Just Let ‘em Go. Let ‘em Go. Let ’em Go. Every child who’s been enchanted by this story of sibling loyalty, will be desperate to see this stage version, and you’ll risk breaking their heart if you deprive them, because this production is even more enchanting, and more fun, than the animated feature that inspired it.
As with the film, the audience is introduced to the princess sisters as children, delightfully portrayed on opening night by Deeana Cheong Foo (Elsa) and Chloe Delle-Vedove (Anna), who set the tone so charmingly that their transformation into the older Elsa (Jemma Rix) and Anna (Courtney Monsma) during Do you want to build a Snowman?, becomes the first of many magical moments woven throughout this production.
Sans the green make-up she was hidden behind in Wicked, Jemma Rix is superb as Elsa, born to be queen but possessing terrifying powers she is unable to control. Appropriately regal, she commands the stage; literally stopping the show with her powerful rendition of Let It Go, the stunningly staged song everyone has come to hear, then later in the second act furiously wielding her magical powers to rescue Anna.
As her compulsive younger sister Anna, newcomer Courtney Monsma captivates with a dazzling, star-making performance, acting with flair, singing and dancing with a compelling assurance that makes it impossible to take your eyes off her.
Whether flirting outrageously with the handsome prince, Hans (Thomas McGuane) in Love is an Open Door, dueting affectingly with her sister in I Can’t Lose You, or arguing with the smitten Kristoff (Sean Sinclair) her endearing comedic flair is always bubbling just beneath the surface.
Of course the handsome prince Hans is not quite what he purports to be, resulting in a revelation that provides the impetus for a succession of spectacularly staged production numbers, not all of which advance the storyline, but which delight the eyes and ears.
As with all Disney musicals it’s rarely the convoluted storylines which stamp these shows as “must see”. Rather it’s the opportunity they provide for lavish sets, costumes and eye-popping special effects and in this area this production certainly doesn’t disappoint.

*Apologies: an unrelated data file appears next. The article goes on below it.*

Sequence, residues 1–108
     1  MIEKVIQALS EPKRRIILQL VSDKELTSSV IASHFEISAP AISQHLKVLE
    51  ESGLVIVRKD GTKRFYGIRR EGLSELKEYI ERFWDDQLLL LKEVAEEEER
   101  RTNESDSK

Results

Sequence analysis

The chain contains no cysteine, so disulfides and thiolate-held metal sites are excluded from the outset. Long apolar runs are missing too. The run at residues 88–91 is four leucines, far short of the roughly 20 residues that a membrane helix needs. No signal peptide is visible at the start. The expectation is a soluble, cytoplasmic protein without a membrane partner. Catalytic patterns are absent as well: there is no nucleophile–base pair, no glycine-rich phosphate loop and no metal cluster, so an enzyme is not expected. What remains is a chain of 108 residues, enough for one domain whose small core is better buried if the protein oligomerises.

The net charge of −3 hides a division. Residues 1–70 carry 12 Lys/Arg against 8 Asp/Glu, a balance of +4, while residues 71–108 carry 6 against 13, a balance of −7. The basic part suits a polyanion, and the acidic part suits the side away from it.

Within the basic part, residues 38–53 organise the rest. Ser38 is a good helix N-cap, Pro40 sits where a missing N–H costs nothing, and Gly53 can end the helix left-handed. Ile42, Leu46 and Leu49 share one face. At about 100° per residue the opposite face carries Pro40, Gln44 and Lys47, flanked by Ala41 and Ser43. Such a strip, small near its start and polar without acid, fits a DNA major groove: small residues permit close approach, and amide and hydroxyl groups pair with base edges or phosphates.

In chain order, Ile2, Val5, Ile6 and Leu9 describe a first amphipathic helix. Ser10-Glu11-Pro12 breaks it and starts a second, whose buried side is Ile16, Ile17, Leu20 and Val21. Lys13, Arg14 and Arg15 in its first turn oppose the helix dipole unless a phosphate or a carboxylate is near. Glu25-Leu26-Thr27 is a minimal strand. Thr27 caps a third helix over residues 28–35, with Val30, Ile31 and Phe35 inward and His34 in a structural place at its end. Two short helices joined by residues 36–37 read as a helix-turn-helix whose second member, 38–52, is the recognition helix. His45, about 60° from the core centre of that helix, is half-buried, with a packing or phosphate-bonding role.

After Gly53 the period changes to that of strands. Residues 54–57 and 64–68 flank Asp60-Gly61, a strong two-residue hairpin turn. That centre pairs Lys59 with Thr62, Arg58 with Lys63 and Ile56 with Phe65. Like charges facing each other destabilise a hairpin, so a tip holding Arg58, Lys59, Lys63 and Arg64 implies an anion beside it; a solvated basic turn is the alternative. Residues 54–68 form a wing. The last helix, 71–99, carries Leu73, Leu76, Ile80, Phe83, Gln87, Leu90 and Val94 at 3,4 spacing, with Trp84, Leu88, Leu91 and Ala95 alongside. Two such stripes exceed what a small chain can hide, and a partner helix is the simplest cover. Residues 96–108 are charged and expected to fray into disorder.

The costumes are gorgeous, particularly those for the ball sequence, and the special affects genuinely magical. And of course there are the extraordinary characters met along the way.
Among them, Olaf, the lovable snowman, irresistibly portrayed by Matt Lee whose joyful song In Summer provides a memorable highlight; the matey ice-man Kristoff (a terrific performance by Sean Sinclair) and his loyal reindeer, Sven (Jonathan MacMillan).
There’s the merry outpost shopkeeper, Oaken (Blake Appelqvist) and his motley bunch of sauna friends who surprise with their hilariously risky “nude” birch-twig dance, Hygge, and the diminutive Duke of Weselton (Aljin Abella) who turns remarkably unpleasant when Elsa rejects his romantic overtures, and of course the exotic “Hidden Folk” who try to make a match of Anna and Kristoff.
They’re all there, even more entrancing when played by real live actors giving their all at every performance just for you.
Frozen The Musical
Capitol Theatre, 13 Campbell Street, Haymarket (Sydney)
Performance: Thursday 10 December 2020 – 8.00pm
Season continues to 2 May 2021
For more information, visit: www.frozenthemusical.com.au for details.
Image: Jemma Rix as Elsa in Frozen – photo by Lisa Tomasetti
Review: Bill Stephens OAM